Not weak enough

Will Davies is cross with David Cameron:

he seems to have invented his own more radical way of by-passing politics. His mantra is to introduce ‘a new approach’. Where Blair can claim the ghost of Keir Hardie and the strategic acumen of McKinseys, Cameron has adopted a view from nowhere at all. All he wants is a ‘new approach’, which could potentially exclude everything we’ve ever thought was politics, from policies, to media interviews, to empirical consensus on social problems. Asked whether his commitment to the environment might lead him towards policies to cut air travel, Cameron answered that this would not be the right ‘approach’ to the problem. Not only does this keep his policies hidden, it obscures a priori questions as to what the hell he’s doing in public life. Is he even a politician at all?

I think this is perceptive, but also risks misunderstanding and underestimating Cameron’s approach. Firstly and most fundamentally, Cameron’s a Conservative – meaning that he’ll do, say or think whatever it takes to get the Conservative Party into power. The last few Conservative leaders have assumed that they needed to replace ideologically-driven Thatcherism either with more of the same or with a more traditional version of ideological Conservatism (cf. Howard’s flirtation with Powellism). Cameron seems to have realised that there’s a deeper vein of Conservatism that’s not ideologically-driven at all.

Secondly and relatedly, Cameron’s oriented towards politics as culture and philosophy rather than project – which is to say, he’s oriented towards Labour’s weak spot. Even a baggy, miscellaneous, sacred-cow-free Conservatism is likely to have more internal coherence than New Labour. New Labour’s coherence is all in the project – an intransigently future-oriented project which draws much of its power from its continual attacks on the party’s own culture and philosophy. The justification for this approach was that it would take the party on a forced march into the terrain of middle-Englander common sense. But there are two ironies here. One is that this terrain is, if anything, even more alien to New Labour’s managerialists than the party’s own despised culture; witness Mandelson’s ghastly attempts to evoke grassroots patriotism at the 1997 election, flag, bulldog and all. There was always a danger that the party wouldn’t know the promised land when they saw it, in other words. The second irony is that the forced march was never going to stop there in any case: to change metaphors, once you’ve started throwing the floorboards into the furnace it’s hard to stop the train. In other words, the very coherence of New Labour as a project is rapidly taking the party into areas where it loses any possible coherence as a culture – and loses touch with that very ‘middle England’ for whose sake the whole exercise was supposedly undertaken. Cameron’s refusal to champion any kind of unifying project is a timely and appropriate response. If I were a Labour MP in a pre-1997 Tory seat – and plenty of them are – I’d find Cameron’s nebulous ‘approach’ extremely worrying.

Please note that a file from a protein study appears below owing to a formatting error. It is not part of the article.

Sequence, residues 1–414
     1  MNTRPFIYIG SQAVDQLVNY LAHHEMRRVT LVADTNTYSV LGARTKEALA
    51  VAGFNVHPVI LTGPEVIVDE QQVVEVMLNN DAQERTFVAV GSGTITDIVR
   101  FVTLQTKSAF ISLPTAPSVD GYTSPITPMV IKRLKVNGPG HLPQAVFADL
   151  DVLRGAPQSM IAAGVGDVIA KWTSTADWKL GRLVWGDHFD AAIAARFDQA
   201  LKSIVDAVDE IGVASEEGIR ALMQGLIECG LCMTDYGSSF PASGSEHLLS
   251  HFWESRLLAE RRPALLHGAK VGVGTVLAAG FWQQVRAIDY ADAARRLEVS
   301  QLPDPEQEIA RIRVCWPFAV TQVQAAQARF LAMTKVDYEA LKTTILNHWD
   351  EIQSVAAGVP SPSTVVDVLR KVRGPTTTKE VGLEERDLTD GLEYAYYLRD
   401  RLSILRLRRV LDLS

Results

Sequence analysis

Thirdly, we are not in a pre-election period (although sometimes it’s easy to forget). Cameron’s main priority now is to oppose effectively – and, given the problems the New Labour project is already creating for the Labour Party, the most effective way he can oppose Labour is by supporting Blair, just as Baldwin supported MacDonald (or the rope the hanged man).

Cameron’s an idiot – and a Tory idiot, at that – but I think for the Conservatives his ‘approach’ makes a lot of sense. By rallying apolitical Tories and ex-Tories, by exploiting the contradictions of the New Labour project and by driving a wedge between Blair and his party, Cameron’s got the chance to do New Labour a great deal of damage in the next couple of years. As I said earlier, at this stage in the game that’s all they deserve.

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